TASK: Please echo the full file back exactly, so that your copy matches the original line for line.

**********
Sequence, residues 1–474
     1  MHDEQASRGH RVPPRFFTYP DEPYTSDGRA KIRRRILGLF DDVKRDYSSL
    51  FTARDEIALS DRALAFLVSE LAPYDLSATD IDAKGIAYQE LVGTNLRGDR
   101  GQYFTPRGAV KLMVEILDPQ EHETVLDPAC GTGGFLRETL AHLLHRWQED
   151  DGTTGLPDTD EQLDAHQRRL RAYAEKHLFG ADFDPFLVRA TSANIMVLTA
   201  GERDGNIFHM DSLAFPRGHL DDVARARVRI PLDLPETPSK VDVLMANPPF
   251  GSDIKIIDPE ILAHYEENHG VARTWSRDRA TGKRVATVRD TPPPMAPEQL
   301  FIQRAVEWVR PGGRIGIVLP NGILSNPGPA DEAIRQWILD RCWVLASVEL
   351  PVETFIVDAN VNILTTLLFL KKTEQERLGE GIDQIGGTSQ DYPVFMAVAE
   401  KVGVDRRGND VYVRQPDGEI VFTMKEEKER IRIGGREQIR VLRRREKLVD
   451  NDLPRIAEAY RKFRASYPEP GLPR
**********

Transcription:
Sequence, residues 1–474
     1  MHDEQASRGH RVPPRFFTYP DEPYTSDGRA KIRRRILGLF DDVKRDYSSL
    51  FTARDEIALS DRALAFLVSE LAPYDLSATD IDAKGIAYQE LVGTNLRGDR
   101  GQYFTPRGAV KLMVEILDPQ EHETVLDPAC GTGGFLRETL AHLLHRWQED
   151  DGTTGLPDTD EQLDAHQRRL RAYAEKHLFG ADFDPFLVRA TSANIMVLTA
   201  GERDGNIFHM DSLAFPRGHL DDVARARVRI PLDLPETPSK VDVLMANPPF
   251  GSDIKIIDPE ILAHYEENHG VARTWSRDRA TGKRVATVRD TPPPMAPEQL
   301  FIQRAVEWVR PGGRIGIVLP NGILSNPGPA DEAIRQWILD RCWVLASVEL
   351  PVETFIVDAN VNILTTLLFL KKTEQERLGE GIDQIGGTSQ DYPVFMAVAE
   401  KVGVDRRGND VYVRQPDGEI VFTMKEEKER IRIGGREQIR VLRRREKLVD
   451  NDLPRIAEAY RKFRASYPEP GLPR